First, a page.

Frank Lawton, WC Fields and Roland Young bring Dickens to life in David Copperfield
The story of the film pretty much follows the novel (with exceptions, deletions and abridgements). Young David Copperfield (Freddie Bartholomew, growing up into Frank Lawton at the half-way point) grows up loved by his mother (Elizabeth Allan) and nurse Peggotty (Jessie Ralph), but loathed by his step-father Mr Murdstone (Basil Rathbone) who barely waits five minutes after his mother passes away before dispatching David to a factory in London. There David forms a bond with the charming exuberant Mr Micawber (WC Fields) before deciding to walk to Canterbury to seek the protection of his aunt Betsey (Edna May Oliver). Growing into a young man, he faces romantic problems, the schemes of the vile Uriah Heap (Roland Young) and the betrayals of his schoolfriend Steerforth (Hugh Williams). Will all turn out well?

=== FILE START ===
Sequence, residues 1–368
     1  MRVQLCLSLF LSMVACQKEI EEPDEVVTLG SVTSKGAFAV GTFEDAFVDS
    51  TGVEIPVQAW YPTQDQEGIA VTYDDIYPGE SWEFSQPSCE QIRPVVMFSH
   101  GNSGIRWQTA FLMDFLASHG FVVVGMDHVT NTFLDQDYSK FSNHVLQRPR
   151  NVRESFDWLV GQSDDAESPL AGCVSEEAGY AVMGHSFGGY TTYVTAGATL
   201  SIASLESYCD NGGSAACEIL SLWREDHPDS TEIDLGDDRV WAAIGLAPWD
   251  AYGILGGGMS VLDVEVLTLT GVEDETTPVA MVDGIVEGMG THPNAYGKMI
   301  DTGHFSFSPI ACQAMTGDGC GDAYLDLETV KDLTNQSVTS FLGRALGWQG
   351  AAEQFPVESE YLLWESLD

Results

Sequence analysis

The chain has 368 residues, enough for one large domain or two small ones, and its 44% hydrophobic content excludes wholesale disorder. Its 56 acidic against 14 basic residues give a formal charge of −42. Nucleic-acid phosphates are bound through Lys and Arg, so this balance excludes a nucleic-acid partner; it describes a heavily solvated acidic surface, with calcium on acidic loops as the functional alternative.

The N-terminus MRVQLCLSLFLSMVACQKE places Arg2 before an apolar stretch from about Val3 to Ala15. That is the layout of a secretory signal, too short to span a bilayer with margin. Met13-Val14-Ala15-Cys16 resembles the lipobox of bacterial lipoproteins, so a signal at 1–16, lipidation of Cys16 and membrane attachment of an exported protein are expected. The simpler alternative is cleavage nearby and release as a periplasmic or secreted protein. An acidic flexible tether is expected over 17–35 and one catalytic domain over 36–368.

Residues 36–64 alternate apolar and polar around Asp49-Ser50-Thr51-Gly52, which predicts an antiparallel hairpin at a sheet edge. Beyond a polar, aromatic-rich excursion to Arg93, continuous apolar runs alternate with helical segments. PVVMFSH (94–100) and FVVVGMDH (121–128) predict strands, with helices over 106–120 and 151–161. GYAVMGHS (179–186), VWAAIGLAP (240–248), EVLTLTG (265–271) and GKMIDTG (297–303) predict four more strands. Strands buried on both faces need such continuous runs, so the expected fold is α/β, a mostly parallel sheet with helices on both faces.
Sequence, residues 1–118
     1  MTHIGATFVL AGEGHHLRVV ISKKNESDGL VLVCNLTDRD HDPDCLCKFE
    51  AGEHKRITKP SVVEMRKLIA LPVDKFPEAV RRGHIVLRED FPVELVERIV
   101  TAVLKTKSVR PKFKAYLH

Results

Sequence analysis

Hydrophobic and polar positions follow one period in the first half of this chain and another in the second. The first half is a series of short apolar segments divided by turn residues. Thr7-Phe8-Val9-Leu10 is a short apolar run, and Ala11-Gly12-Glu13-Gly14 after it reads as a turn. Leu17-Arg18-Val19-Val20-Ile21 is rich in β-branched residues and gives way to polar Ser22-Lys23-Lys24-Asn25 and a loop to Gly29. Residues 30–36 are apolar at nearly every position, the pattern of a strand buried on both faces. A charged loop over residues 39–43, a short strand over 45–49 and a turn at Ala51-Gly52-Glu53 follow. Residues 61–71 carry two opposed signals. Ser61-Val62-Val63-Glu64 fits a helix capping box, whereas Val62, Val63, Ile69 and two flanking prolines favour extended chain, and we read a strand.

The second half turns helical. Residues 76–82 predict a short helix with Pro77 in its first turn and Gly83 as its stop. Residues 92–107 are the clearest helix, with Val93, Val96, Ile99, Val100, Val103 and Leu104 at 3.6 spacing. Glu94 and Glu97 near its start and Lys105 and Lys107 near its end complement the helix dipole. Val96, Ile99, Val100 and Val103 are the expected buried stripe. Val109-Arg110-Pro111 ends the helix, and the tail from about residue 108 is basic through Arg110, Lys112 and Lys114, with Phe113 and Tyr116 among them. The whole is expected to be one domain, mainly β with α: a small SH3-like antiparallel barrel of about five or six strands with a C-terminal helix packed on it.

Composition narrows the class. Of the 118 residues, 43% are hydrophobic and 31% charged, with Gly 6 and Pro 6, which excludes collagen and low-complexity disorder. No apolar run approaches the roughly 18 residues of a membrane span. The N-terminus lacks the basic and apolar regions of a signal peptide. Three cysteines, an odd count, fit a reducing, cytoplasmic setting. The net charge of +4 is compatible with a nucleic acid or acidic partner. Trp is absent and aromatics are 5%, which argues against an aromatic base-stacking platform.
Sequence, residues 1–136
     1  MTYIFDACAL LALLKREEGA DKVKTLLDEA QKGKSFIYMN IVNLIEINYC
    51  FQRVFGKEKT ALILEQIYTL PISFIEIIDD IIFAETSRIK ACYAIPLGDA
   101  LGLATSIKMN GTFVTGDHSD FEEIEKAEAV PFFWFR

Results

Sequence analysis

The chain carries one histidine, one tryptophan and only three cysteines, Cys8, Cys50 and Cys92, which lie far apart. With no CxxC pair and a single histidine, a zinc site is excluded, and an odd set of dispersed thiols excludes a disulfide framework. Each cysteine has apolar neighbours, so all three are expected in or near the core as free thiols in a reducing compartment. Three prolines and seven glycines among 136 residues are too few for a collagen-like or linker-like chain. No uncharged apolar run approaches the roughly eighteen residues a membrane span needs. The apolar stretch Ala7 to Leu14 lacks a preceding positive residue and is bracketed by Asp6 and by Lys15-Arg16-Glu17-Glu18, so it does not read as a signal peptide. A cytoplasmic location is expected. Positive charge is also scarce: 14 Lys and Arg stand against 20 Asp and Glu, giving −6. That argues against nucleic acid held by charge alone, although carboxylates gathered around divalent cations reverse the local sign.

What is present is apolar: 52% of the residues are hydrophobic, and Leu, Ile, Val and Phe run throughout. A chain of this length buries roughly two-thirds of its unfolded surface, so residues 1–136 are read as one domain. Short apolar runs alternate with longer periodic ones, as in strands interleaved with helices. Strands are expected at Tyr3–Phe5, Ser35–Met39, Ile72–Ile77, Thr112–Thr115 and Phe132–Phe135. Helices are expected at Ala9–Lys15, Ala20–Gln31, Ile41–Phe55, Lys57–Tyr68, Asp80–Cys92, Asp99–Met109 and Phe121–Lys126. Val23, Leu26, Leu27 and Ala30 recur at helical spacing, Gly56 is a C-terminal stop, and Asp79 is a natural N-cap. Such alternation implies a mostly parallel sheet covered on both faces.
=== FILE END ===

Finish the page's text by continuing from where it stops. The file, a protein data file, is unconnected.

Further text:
Stylistically, David Copperfield aims to be as true to the novel as impossible. It’s designed to look as much as possible like a series of Phiz sketches bought to life and the actors have clearly studied both novel and illustrations to craft themselves as much as possible into living, breathing representations of their characters. Well scripted by Hugh Walpole (who also cameos early on as a Vicar), the film manages to be faithful without being reverential and tells an engaging story with momentum – even if the pace accelerates a little too much towards the end.
Walpole’s adaptation splits the book into two acts: the childhood of our hero and his life as young man. Giving an idea of how the momentum accelerates towards the end, this basically means the first hour of the film covers the novel’s opening 200 pages, leaving the last hour to hurry through the remaining 600. This means several characters and events are deleted, simplified or removed. However, Walpole still manages to retain all the truly vital information and iconic material, and recognises most of the striking material is found in that first 200 pages.